I woke up to a Lion King sunrise here in Uganda.
My 16 year old texted that we might get the first snow in over a year back in Charlotte, North Carolina. The first snow at our new house. And here I am with a sunburned face and two pitted out tee shirts.
Today we spent a second day with Grace and her family. And since I wear house colored glasses I can’t help but notice deep truths spilling out from all over their home.
If I had just heard Grace and Momma Grace’s story without ever meeting them I would imagine them living in fear cowering in a corner somewhere vowing to lock themselves up safely away for the rest of their ever. I would worry that their lives were forever ruined and that their home would be full of locked doors and closed up windows.
I would be wrong.
Here’s what I learned about how to have a happy home from a family who lives in Uganda with no running water, no glass in their windows and no stuff to get in their way…
Keep your living room simple and tidy.
Open shelves in the kitchen allow you to put used items away quickly so you can get back to more important things.
Make your bed. And hang up your clothes.
Enjoy the pretty sheets. (these sheets made possible by Compassion & Grace’s sponsor who believed she was worth getting the floral sheets!)
Remember animals add life to a home.
Wash your bowl promptly after you eat.
Take time to notice happy accidents full of pretty colors.
Slow down in the small things.
Let your friends help out if they are around.
Attack your everyday mundane tasks with gusto.
Hold pink balloons and paint your toenails blue.
Dress in your cute clothes even if you are just doing every day chores. Unless your mom fusses at you for wearing your Sunday best on a Tuesday. Then, run in your house and change as fast as you can.
Smile often. Your children are watching and Mom can set the whole tone of the home.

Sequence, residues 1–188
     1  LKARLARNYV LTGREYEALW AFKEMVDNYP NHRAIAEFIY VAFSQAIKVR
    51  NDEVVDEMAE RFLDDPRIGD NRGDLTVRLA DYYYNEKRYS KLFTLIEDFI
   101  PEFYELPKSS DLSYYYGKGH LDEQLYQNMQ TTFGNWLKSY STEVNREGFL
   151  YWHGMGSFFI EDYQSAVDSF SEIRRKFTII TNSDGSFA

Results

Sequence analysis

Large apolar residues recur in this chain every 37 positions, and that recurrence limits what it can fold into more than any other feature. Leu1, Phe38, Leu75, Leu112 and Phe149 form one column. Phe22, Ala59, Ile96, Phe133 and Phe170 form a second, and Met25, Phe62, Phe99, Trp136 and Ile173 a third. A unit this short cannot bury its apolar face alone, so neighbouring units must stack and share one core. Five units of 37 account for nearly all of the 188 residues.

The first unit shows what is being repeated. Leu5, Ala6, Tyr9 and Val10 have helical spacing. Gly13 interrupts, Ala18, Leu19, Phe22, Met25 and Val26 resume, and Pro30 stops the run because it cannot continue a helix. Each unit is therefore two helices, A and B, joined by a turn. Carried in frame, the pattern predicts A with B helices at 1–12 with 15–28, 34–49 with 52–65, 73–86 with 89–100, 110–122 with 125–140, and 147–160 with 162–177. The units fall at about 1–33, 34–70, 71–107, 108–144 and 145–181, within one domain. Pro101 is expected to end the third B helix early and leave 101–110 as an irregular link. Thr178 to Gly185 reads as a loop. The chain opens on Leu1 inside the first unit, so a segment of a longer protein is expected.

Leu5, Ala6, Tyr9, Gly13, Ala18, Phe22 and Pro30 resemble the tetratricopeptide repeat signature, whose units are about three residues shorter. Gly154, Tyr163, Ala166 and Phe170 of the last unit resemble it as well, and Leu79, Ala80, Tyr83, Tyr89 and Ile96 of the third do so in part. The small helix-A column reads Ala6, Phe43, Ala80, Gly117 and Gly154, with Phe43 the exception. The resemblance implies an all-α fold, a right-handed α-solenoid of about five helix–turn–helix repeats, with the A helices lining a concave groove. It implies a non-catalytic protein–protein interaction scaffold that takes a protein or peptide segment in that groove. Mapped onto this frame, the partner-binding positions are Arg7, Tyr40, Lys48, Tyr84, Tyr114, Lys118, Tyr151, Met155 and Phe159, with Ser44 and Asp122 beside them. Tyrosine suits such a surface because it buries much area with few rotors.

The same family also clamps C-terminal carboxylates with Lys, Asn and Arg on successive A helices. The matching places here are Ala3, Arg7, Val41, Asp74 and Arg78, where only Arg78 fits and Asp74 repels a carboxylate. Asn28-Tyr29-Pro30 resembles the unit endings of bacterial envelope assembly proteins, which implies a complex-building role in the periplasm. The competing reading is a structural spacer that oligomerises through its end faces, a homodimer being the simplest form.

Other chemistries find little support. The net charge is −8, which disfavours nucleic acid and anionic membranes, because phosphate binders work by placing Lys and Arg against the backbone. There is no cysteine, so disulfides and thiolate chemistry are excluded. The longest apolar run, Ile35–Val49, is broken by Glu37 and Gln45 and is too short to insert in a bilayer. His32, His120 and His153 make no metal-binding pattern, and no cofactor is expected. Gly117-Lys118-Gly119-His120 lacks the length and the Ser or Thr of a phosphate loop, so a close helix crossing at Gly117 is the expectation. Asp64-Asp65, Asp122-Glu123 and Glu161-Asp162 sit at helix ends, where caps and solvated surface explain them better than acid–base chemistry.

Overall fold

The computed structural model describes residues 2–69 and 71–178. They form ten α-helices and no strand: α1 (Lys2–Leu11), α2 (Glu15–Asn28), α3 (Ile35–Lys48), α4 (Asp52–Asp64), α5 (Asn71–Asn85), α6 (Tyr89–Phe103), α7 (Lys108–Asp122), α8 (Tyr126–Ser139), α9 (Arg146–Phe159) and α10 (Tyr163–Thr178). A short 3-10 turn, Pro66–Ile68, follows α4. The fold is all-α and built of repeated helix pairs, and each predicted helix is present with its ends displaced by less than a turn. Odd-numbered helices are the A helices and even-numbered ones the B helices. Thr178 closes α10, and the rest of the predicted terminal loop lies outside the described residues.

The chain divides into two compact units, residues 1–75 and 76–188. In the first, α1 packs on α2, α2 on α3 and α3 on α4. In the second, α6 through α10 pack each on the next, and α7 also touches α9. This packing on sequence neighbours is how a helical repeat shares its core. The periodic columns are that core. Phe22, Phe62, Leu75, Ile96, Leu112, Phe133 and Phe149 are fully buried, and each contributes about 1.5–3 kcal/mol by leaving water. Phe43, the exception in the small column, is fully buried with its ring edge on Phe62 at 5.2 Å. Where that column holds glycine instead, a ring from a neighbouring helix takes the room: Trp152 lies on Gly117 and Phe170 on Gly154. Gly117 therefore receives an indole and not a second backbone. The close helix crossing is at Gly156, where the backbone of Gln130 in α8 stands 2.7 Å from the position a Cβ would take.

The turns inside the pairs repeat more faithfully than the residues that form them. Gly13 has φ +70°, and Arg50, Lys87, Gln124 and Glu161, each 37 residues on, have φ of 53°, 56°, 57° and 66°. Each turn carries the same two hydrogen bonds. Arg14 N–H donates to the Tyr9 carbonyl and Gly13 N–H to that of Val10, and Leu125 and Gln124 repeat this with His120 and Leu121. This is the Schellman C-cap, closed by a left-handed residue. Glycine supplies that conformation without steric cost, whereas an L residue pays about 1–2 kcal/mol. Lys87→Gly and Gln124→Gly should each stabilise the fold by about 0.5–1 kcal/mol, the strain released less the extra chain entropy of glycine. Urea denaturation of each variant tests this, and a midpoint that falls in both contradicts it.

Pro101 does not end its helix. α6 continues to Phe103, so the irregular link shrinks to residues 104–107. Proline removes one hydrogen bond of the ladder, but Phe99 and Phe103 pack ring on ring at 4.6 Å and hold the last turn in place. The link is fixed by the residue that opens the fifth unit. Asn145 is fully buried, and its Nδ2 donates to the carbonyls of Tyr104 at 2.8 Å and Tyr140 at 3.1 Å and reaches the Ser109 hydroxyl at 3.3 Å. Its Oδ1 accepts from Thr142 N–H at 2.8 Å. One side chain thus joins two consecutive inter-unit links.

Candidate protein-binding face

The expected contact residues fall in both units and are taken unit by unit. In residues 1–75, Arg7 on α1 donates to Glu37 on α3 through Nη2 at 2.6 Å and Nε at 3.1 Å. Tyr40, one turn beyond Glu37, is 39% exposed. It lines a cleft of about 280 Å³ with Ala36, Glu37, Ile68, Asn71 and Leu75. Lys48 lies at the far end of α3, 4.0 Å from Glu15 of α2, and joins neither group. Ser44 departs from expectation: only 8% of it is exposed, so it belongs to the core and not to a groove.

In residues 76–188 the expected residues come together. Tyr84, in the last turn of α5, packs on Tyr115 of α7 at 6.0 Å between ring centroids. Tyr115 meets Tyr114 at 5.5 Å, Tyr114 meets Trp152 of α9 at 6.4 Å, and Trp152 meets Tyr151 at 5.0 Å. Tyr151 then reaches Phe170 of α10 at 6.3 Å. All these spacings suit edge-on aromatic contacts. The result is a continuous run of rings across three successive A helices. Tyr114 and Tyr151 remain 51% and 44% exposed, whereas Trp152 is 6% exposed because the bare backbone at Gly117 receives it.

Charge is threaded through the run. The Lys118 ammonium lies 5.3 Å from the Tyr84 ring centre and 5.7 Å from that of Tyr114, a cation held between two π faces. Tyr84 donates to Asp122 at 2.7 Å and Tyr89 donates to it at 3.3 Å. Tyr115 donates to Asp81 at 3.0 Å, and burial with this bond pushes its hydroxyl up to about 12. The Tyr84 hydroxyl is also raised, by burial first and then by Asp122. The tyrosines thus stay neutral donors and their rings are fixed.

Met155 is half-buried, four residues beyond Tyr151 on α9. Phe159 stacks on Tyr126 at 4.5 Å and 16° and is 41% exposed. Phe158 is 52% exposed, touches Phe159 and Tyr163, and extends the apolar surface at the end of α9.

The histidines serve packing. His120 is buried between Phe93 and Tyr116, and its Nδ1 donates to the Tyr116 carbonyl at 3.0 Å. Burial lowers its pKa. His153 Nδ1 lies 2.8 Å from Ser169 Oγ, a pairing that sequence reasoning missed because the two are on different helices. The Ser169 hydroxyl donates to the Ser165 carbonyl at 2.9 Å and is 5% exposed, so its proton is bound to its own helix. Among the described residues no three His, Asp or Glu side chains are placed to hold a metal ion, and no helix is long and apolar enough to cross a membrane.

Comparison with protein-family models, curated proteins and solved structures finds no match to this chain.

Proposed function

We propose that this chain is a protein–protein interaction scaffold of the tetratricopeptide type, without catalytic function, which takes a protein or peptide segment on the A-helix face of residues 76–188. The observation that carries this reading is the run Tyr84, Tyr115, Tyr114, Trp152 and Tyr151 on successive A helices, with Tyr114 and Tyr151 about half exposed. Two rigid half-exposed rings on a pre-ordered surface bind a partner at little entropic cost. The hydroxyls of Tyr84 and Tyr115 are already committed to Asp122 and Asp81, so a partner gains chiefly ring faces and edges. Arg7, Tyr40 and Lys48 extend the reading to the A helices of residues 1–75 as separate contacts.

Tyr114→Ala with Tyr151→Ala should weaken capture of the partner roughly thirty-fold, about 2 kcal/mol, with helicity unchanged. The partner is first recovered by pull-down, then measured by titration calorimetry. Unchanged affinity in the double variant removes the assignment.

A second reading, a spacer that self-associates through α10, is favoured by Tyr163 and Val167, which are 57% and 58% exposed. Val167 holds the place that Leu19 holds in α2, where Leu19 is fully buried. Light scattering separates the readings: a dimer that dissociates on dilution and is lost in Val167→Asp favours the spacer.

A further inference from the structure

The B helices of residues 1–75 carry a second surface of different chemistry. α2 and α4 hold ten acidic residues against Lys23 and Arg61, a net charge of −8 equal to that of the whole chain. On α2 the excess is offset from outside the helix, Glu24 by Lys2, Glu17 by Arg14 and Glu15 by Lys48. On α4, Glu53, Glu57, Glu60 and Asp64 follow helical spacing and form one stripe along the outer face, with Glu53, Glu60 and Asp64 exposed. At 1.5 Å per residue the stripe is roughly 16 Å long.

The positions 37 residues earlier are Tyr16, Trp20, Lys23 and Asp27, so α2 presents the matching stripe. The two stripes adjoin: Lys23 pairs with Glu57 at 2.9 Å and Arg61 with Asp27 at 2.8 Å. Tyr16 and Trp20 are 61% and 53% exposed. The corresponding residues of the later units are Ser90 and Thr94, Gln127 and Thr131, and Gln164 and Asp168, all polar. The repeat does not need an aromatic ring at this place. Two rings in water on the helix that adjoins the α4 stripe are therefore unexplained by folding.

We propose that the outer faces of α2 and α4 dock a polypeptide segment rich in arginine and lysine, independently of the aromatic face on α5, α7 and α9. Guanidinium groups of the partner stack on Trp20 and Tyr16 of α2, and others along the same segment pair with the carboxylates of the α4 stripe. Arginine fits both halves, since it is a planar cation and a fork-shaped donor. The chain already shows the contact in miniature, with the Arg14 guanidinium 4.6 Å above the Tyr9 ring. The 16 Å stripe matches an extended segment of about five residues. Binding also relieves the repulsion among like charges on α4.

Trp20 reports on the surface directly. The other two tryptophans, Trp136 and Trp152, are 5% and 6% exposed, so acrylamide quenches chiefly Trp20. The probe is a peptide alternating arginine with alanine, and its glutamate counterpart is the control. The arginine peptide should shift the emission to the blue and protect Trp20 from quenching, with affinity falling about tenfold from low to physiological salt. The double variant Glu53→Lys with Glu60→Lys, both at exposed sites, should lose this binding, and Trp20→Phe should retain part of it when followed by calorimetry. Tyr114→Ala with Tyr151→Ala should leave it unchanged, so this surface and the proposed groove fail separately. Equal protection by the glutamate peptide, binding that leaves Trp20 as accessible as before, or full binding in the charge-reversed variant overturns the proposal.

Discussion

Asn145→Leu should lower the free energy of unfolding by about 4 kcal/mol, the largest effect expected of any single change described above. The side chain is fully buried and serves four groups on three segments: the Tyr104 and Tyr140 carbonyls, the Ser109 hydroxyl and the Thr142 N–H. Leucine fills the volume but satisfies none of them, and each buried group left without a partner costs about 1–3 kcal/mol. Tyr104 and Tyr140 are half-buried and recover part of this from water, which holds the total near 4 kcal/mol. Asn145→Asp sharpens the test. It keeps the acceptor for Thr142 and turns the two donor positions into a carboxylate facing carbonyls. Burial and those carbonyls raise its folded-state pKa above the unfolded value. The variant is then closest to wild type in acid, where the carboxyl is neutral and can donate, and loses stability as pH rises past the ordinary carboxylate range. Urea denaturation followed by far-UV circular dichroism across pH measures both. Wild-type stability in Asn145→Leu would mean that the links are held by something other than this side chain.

Stop for a rest in the middle of the afternoon.
Let the children help out around the house.
Maybe the secret to moving on from the past starts with doing our simple things.
Maybe you do your simple things well because you’ve found Hope.
Maybe you have a visitor at your house and they’ve heard your story and know a fraction of your past, enough that they’ll vow to never forget.
Maybe that visitor will be amazed that your home runs smoothly, peacefully and dependably.
Maybe she’ll wonder how. HOW in the world do you move on and create this haven after despair?
Maybe she’ll finally realize that she’s been following the answer around all day.
A bright yellow tee shirt that’s part of the Compassion uniform is patiently waiting for me to acknowledge what Grace and her family live out every day.
Happy homes and homes full of fear are opposites.
Grace is learning to live freely without fear. She spends every Saturday and school holiday at the Compassion center learning about the Bible and being cared for and loved on by adults in her community. Today I told Grace and her mother that my friends and my parents are praying for her, especially that she won’t have nightmares. Thank you for your comments in the last post. Also, they were so confused that I’ve already told “all my friends” and my parents about their story that they just told me yesterday but trying to explain that was beyond translation. Yay internet!
Join us in finding sponsors for the children waiting to learn about true Hope. Click here to sponsor a child today and partner with Compassion to help free children from poverty in Jesus name.
Thank you so much for reading these posts, looking past the typos and being willing to hear and take action. This Nesting Place community never ceases to amaze me. I love you all so much and your tweets, emails and comments are a lifeline here in the hot, iced coffee-less place.
Here’s to many more happy homes!
The rest of today’s posts:
The Meaning of Life in Three Parts by Jeff Goins
What It Means To Boil Water by Joy the Baker
A Day in the Life. Ish. by Emily Freeman
What Good Dads Do by Shaun Groves